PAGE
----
Elsewhere in Brazil, election-related violence, including attacks targeting politicians and candidates, was reported across the country ahead of the general elections that will take place on 2 October. In São Paulo state, two supporters of President Jair Bolsonaro beat a journalist from Datafolha, a polling institute, while they interviewed a civilian about the elections. The victim sustained injuries from the attack. In Amazonas state, drug traffickers shot and wounded a city councilor. The councilor had received death threats from drug trafficking groups for reporting drug trafficking activities to authorities and for his involvement in community issues (A Crítica, 19 September 2022). In Rio de Janeiro state, unidentified armed suspects opened fire on a vehicle carrying a state congressional candidate, who was not injured. Armed groups in Brazil also targeted politicians in the lead-up to municipal elections in 2020 (for more, see ACLED’s report on Municipal Candidates Under Attack in Brazil).
In Chile, violent demonstrations continued for the third consecutive week in several communes of Santiago city, with high school students demanding better school infrastructure and curriculum improvements. Amid the demonstrations, violent clashes were reported between demonstrators and the police, with at least one student detained. The recent trends contribute to the 155% increase in weekly violent events in the Metropolitana region in the past month relative to the weekly average for the preceding year flagged by ACLED’s Subnational Threat Tracker. The Subnational Tracker also warned of increased violence in the region during the preceding four weeks.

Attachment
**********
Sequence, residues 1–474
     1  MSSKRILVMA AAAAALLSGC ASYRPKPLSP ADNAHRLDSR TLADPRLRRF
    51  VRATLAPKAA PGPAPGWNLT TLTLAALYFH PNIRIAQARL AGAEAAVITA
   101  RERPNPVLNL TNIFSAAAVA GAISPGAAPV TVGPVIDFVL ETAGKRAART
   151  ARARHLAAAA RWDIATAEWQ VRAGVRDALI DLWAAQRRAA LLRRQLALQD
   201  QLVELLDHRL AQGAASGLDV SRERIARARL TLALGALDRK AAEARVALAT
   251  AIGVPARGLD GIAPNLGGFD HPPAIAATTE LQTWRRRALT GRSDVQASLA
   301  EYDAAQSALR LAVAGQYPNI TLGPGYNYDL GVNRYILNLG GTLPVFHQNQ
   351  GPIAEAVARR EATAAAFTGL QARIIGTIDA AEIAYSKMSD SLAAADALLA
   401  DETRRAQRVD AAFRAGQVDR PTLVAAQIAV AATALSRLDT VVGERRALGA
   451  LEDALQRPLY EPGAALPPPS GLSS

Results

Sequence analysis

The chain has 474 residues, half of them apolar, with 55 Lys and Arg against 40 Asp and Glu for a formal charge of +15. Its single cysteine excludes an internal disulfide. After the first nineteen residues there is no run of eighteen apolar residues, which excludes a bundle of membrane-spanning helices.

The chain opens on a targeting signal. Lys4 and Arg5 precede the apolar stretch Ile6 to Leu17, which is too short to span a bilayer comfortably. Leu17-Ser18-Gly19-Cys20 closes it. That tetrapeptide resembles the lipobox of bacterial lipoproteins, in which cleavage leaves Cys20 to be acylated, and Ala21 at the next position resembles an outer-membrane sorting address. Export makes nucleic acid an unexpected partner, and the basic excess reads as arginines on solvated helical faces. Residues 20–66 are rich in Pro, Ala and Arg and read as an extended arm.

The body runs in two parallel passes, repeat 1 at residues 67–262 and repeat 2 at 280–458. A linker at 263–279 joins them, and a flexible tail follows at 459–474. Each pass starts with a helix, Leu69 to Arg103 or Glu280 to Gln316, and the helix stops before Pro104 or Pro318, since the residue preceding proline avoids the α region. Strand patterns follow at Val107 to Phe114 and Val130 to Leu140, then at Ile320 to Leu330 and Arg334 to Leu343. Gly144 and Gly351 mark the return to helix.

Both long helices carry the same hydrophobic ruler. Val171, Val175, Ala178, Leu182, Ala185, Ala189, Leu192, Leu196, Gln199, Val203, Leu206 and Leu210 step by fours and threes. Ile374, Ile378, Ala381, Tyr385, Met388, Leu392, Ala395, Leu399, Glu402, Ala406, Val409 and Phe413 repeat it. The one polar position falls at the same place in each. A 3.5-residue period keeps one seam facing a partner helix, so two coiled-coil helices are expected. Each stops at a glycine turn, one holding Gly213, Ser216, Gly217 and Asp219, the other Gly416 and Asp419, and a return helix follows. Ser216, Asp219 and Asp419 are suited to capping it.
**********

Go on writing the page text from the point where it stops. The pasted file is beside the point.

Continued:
Finally, in Ecuador, the killing of a woman lawyer sparked demonstrations across the country last week. The woman went missing on 11 September after visiting her husband, a police officer, in his place of work in a police academy. On 21 September, her body was found near the academy, the main police training institution in the country. Her husband, who is the main suspect, is on the run (CNN, 22 September 2022). Following the discovery of her body, hundreds of people, including feminist organizations, took to the streets in Quito to call for justice and protest against femicide and gender-based violence (El Comercio, 21 September 2022). Protesters have also decried the poor handling of the case by government authorities. Reports have arisen that other officers heard shouting and cries for help inside the academy, while inconsistencies in the handling of her disappearance case were also reported (CNN, 22 September 2022).
Note: This dashboard automatically updates to cover the latest four weeks of data released by ACLED. Use the date filters to view data for the one-week period covered by this Regional Overview.